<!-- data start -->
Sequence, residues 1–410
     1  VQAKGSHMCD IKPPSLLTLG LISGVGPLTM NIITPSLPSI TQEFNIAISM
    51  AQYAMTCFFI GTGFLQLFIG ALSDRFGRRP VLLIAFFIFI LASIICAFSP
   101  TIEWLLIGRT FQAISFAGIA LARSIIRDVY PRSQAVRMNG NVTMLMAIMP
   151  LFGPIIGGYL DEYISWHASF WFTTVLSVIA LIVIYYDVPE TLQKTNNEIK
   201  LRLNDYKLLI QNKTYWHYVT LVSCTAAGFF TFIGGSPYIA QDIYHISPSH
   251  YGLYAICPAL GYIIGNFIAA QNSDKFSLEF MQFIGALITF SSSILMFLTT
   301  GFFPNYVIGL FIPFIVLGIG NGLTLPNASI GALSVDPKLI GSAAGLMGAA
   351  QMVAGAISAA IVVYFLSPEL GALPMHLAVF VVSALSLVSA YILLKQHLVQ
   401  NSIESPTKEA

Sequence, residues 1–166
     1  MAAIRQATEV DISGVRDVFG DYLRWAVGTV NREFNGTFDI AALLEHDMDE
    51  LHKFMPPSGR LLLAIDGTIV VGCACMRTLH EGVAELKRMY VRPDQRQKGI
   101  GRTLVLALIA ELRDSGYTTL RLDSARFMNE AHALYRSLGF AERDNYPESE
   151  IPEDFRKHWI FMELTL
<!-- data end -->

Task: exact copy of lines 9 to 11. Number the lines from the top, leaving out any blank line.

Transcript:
   351  QMVAGAISAA IVVYFLSPEL GALPMHLAVF VVSALSLVSA YILLKQHLVQ
   401  NSIESPTKEA

Sequence, residues 1–166